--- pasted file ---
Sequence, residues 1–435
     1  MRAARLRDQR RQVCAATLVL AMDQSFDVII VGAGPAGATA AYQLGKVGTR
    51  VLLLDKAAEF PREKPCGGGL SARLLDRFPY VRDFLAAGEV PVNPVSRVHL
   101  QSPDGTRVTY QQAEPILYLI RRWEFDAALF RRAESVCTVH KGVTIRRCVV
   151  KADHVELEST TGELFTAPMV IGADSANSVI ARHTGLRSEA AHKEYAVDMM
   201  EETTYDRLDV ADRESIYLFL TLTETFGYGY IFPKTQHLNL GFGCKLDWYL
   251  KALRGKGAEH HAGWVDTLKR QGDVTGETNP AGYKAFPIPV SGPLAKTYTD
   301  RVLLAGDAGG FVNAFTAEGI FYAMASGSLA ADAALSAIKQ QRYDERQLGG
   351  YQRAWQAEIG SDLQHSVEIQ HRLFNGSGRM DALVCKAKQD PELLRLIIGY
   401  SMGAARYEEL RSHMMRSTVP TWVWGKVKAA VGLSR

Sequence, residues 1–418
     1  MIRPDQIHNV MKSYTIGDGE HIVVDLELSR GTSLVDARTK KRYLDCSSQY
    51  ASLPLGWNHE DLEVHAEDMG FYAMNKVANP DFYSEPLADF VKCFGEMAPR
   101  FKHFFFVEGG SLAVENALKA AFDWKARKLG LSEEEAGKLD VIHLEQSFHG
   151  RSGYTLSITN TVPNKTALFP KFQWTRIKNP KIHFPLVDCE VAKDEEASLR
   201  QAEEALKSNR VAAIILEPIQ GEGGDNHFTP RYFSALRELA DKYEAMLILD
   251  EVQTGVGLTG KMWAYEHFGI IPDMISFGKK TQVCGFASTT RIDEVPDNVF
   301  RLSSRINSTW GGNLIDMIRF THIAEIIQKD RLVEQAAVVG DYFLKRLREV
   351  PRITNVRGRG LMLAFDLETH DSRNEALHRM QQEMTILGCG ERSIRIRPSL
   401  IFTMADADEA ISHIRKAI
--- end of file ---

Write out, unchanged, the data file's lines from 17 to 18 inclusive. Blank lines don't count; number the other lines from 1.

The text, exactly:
   251  EVQTGVGLTG KMWAYEHFGI IPDMISFGKK TQVCGFASTT RIDEVPDNVF
   301  RLSSRINSTW GGNLIDMIRF THIAEIIQKD RLVEQAAVVG DYFLKRLREV